Delta Rice Research Project

California’s growing population continues to stress water supplies, resulting in water quality and supply conflicts amongst end-users. More than 22 million people drink water that originates in the lower Sacramento River and Sacramento-San Joaquin Delta, where agricultural activities are thought to be decreasing water quality. Specifically, elevated dissolved organic carbon (DOC) concentrations in Delta water are of significant concern. Ducks Unlimited’s Delta Rice Project was an experiment to find water quality improvement alternatives, such as rice growing, that benefit wetlands and waterfowl within the Delta region.

The Delta Rice Project Map.

Agricultural production in the Delta releases DOC into the irrigation return waters as a result of crop residues and soil organic matter decomposition. This irrigation water returns into Delta channels for eventual use as drinking water. The DOC released from agricultural activities potentially poses serious health concerns when Delta waters are disinfected for use as drinking water. During disinfection, DOC and bromide form disinfection byproducts (DBPs), of which trihalomethanes (THMs) and haloacetic acids (HAAs) are the most abundant. These DBPs, stringently regulated by the U.S. Environmental Protection Agency, are carcinogenic and mutagenic. This project experimented with cost-effective combinations of alternative source waters, source control and treatment technologies to achieve reduced TOC levels from agricultural drainage in the Delta and to help to avoid far more costly alternatives.

Growing rice in the Delta is difficult due to mild temperatures.

This Project had a number of goals:
    · Experiment with Best Management Practices (BMPs) that reduce DOC, DBP precursors   
      (DBPPs) and nitrogen (N) export from rice fields
    · Investigate wildlife use of Delta rice fields
    · Determine economical viability of rice production in the Delta

To achieve these goals, DU selected three 100-acre fields along an east-west transect in the Delta and assisted farmers in the conversion of corn fields to rice fields to ensure participation in the research. This project provided checkboxes and other minor supplies and funds site preparation (e.g. field leveling and irrigation levee work) to grow rice and used a portion of those properties that to conduct the study. No assets of any significant value procured by this grant-funded project remained after the project period expired. The study assessed DOC, DBPPs and N loads from rice production, compared these export rates with those of wetlands and corn (the other primary Delta land practice alternatives) and determined if these loads could be further reduced. This project was the first project to address rice production as a land use option in the Delta and to focus on methods of growing rice in a way that minimizes DOC, DBPPs and nitrogen loading to the Delta.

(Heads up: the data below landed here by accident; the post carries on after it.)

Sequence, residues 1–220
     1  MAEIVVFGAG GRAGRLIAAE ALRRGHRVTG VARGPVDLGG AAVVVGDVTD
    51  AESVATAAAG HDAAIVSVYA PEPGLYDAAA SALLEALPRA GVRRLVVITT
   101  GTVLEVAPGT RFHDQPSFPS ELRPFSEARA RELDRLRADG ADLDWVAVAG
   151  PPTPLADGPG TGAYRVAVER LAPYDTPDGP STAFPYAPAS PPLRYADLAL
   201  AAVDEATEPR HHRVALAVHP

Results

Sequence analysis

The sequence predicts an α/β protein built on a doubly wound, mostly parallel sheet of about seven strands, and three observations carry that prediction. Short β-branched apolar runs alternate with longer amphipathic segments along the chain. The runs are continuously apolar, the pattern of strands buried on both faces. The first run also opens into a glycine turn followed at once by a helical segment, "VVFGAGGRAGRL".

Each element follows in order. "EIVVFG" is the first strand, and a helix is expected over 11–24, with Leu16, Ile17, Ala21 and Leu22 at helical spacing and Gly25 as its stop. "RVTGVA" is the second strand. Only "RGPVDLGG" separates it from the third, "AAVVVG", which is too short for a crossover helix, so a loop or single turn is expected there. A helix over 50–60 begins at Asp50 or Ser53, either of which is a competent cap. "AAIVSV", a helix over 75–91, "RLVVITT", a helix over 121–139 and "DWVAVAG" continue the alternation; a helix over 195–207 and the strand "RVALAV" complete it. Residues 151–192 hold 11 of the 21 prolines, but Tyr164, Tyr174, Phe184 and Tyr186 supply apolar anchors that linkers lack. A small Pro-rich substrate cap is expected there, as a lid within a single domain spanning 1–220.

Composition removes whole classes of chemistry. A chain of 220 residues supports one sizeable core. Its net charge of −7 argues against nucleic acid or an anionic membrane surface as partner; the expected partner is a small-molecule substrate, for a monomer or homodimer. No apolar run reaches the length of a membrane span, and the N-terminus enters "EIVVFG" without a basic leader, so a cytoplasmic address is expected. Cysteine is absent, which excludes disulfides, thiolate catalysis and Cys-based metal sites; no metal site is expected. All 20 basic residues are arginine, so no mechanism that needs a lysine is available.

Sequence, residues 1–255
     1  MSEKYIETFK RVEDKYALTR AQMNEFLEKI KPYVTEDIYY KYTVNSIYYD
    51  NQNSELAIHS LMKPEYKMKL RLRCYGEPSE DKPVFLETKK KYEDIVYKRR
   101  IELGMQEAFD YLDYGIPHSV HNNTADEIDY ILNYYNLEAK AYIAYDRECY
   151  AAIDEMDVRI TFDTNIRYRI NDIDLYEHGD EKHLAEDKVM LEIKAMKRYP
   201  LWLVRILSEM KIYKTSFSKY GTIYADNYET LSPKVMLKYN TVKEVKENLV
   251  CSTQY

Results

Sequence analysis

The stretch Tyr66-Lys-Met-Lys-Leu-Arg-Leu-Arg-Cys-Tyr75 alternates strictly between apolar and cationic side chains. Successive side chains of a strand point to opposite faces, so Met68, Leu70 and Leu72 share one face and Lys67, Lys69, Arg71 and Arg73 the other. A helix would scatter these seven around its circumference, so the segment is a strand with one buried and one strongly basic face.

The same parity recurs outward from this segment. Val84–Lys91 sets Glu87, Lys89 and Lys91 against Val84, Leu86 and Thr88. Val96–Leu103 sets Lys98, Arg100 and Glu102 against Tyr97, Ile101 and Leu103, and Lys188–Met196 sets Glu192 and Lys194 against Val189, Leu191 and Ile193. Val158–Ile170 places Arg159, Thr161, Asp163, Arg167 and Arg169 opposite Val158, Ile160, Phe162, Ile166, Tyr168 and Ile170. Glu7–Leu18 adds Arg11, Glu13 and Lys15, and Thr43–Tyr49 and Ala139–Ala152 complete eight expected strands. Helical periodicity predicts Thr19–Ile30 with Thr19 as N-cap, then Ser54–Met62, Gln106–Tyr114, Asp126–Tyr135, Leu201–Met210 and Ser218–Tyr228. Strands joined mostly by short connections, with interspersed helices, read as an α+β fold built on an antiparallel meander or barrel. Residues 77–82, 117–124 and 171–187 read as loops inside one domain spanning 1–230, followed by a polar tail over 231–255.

Inspection and education at a Delta rice field.

Rice production is more effective at limiting DOC, DBPP and N export into the Delta than corn production is. Rice production reduces oxidation of peat soils and minimizes mobilization of nutrients, particularly DOC. The mix of usage by land birds and water birds between natural and agricultural habitats during the different seasons suggested that continued integration of managed wetlands along with rice and corn fields would provide habitat for a variety of breeding and migratory waterfowl and water birds. The study also found that rice production in the Delta, even on this small scale of approximately 300 acres, was profitable. Many landowners will continue to grow rice, possibly including new, cold-tolerant varieties that are in development and will further increase future yields.

Rice in the Delta can benefit both people and waterfowl.

 Waterfowl habitats in the Delta have largely disappeared from historic levels.  Increased rice production here may begin to attract waterfowl back to the Delta and San Pablo Bay region.  The project performance period lasted from the fall of 2004 to the spring of 2006.